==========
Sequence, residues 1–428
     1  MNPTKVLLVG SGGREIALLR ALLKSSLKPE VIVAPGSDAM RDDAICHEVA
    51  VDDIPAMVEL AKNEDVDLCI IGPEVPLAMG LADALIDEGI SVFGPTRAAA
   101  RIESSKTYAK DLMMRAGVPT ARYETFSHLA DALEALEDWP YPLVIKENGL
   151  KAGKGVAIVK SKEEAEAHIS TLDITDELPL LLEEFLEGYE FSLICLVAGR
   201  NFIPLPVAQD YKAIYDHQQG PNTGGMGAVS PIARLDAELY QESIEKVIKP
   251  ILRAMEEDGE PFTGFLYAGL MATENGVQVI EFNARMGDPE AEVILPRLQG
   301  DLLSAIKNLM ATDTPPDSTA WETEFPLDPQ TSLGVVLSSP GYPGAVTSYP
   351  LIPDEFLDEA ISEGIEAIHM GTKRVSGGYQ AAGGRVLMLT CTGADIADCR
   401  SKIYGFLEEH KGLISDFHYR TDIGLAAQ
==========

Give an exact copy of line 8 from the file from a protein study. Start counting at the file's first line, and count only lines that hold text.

   301  DLLSAIKNLM ATDTPPDSTA WETEFPLDPQ TSLGVVLSSP GYPGAVTSYP